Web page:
|It's delicious, but... Where do you stand on Foie Gras?|
This week Bloomberg took an interesting look at both sides of California's Foe Gras ban, which is set to take effect next July. The law was passed in 2004 and signed by then-Governor Arnold Schwarzenegger. However, enforcement was put off for eight years to give producers time enough to find force-feeding alternatives. Those alternatives haven't appeared.
Opponents of forced-feeding include major animal rights organizations like People for the Ethical Treatment of Animals (PETA), famous chefs (e.g., Wolfgang Puck, Charlie Trotter), and high-profile celebrities such as Paul McCartney, Alicia Silverstone, and many others. All cite the cruelty and inhumanity of forcing feed into the esophagus of a duck or goose through a funnel, a process that takes only 2-3 seconds but is thought to be painful. Studies have shown that mortality rates among force-fed birds can be elevated in the latter stages of fattening.
Those in favor of forced-feeding -- chefs, foie gras purveyors, and gourmands of all stripes -- say that the forced-feeding process is not painful, and that it imitates the gorging behavior of birds in the wild as they prepare to migrate.
Force-feeding is not new. Evidence exists that, as early as 2500 BC, ancient Egyptians force-fed geese. The process spread rapidly across the Mediterannean and into Europe and has been widely used ever since.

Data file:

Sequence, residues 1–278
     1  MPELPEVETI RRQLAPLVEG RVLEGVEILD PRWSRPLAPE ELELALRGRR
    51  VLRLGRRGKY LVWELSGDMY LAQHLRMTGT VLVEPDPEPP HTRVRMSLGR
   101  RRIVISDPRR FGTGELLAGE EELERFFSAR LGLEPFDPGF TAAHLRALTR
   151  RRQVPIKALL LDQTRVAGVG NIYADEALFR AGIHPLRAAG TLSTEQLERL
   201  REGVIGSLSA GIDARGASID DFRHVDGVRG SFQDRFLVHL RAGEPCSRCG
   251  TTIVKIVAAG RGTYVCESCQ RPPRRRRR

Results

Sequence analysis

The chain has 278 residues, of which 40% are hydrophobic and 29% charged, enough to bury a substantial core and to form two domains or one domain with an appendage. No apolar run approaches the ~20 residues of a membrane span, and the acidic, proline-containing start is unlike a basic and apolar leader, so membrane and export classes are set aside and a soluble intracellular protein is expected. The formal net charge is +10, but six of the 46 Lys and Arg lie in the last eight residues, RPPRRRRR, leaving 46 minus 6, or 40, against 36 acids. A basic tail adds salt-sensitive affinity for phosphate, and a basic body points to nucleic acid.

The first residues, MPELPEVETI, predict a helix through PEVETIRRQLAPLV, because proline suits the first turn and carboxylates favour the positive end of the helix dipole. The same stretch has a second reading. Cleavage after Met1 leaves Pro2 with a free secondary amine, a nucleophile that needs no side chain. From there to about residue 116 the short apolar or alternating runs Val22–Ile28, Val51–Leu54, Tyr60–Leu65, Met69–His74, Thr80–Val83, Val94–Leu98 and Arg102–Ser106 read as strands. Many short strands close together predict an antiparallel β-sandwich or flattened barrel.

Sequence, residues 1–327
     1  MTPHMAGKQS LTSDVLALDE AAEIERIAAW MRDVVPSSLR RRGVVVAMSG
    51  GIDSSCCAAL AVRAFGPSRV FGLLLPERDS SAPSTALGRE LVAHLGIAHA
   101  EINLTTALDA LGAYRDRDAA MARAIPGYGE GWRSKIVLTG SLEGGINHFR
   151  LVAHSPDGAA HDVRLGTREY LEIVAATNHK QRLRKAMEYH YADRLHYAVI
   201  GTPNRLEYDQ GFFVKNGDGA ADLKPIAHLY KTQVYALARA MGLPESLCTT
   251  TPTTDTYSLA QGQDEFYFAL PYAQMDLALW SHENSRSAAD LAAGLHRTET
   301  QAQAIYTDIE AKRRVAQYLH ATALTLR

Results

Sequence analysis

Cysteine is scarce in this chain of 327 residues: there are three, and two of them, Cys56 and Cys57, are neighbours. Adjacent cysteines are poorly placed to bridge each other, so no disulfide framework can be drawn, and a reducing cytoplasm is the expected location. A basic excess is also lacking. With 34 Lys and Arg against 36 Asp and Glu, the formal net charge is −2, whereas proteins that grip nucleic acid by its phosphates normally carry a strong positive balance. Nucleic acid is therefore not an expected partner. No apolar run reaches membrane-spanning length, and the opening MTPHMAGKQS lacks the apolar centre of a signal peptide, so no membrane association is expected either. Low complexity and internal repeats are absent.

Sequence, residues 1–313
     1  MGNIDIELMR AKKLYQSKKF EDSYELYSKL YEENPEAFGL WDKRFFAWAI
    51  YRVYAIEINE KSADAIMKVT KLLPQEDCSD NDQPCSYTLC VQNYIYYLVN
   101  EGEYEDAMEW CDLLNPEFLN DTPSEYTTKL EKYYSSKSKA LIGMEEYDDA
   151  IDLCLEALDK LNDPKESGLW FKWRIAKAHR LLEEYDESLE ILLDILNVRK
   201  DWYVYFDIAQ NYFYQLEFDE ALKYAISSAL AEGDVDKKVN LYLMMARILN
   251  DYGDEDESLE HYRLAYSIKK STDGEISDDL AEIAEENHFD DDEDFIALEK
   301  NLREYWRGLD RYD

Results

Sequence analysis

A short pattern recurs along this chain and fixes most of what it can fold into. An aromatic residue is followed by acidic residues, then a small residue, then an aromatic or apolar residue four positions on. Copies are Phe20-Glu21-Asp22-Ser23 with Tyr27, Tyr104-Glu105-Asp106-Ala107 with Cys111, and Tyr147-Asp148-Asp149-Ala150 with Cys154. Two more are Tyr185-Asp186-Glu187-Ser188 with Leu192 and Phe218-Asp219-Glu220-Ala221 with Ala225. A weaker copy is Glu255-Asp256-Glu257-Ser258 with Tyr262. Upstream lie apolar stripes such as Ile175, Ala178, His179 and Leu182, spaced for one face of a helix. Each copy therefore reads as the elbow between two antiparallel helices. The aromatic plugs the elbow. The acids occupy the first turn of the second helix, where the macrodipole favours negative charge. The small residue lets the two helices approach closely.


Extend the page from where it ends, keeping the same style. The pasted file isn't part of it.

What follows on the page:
The Bloomberg article by Allison Vekshin, Foie Gras Lovers in California Will Soon Become Victim to Rights of Ducks, interviews people on both sides of the issue. Among them are chefs who serve Foie Gras, some of whom intend to ignore the ban, and others who plan to reluctantly comply.
Perhaps the most interesting factoid in the article is this: San Francisco chef Gary Danko, who has won a Michelin star for his namesake restaurant, usually sells 40 orders of Foie Gras each night, but when protesters show up the foie gras orders double.
Where do I stand? I've enjoyed Foie Gras perhaps a dozen times in my life, mostly in France. It's always delicious, whether prepared and served simply or gussied up with a fancy sauce and other ingredients. No matter how it's prepared, it tends to melt in your mouth.
However, I stopped eating it long before I realized there were ethical issues involved, because it's one of the foods highest in choleseterol -- a whopping 255mg per 100g.
But even if I didn't have to keep an eye on my cholesterol level, I still wouldn't eat it now. I'm not sure that forced-feeding is painful, but it might be. That's enough reason to kill my appetite.